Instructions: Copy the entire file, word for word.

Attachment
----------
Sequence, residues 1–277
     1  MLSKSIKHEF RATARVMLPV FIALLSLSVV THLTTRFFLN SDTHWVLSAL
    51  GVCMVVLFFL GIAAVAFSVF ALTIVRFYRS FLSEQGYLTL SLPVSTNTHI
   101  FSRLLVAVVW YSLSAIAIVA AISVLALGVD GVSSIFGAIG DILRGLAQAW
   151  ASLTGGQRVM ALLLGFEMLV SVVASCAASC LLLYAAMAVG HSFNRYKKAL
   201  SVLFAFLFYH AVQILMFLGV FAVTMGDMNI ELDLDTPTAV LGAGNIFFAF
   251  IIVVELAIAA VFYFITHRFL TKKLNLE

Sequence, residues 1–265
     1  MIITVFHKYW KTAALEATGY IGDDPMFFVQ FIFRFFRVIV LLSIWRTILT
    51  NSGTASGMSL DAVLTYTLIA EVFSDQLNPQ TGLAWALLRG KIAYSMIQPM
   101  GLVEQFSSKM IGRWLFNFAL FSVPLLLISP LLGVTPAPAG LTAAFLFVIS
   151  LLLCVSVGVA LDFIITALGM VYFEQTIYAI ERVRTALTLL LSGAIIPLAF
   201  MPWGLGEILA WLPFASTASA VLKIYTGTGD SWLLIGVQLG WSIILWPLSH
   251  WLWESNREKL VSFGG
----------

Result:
Sequence, residues 1–277
     1  MLSKSIKHEF RATARVMLPV FIALLSLSVV THLTTRFFLN SDTHWVLSAL
    51  GVCMVVLFFL GIAAVAFSVF ALTIVRFYRS FLSEQGYLTL SLPVSTNTHI
   101  FSRLLVAVVW YSLSAIAIVA AISVLALGVD GVSSIFGAIG DILRGLAQAW
   151  ASLTGGQRVM ALLLGFEMLV SVVASCAASC LLLYAAMAVG HSFNRYKKAL
   201  SVLFAFLFYH AVQILMFLGV FAVTMGDMNI ELDLDTPTAV LGAGNIFFAF
   251  IIVVELAIAA VFYFITHRFL TKKLNLE

Sequence, residues 1–265
     1  MIITVFHKYW KTAALEATGY IGDDPMFFVQ FIFRFFRVIV LLSIWRTILT
    51  NSGTASGMSL DAVLTYTLIA EVFSDQLNPQ TGLAWALLRG KIAYSMIQPM
   101  GLVEQFSSKM IGRWLFNFAL FSVPLLLISP LLGVTPAPAG LTAAFLFVIS
   151  LLLCVSVGVA LDFIITALGM VYFEQTIYAI ERVRTALTLL LSGAIIPLAF
   201  MPWGLGEILA WLPFASTASA VLKIYTGTGD SWLLIGVQLG WSIILWPLSH
   251  WLWESNREKL VSFGG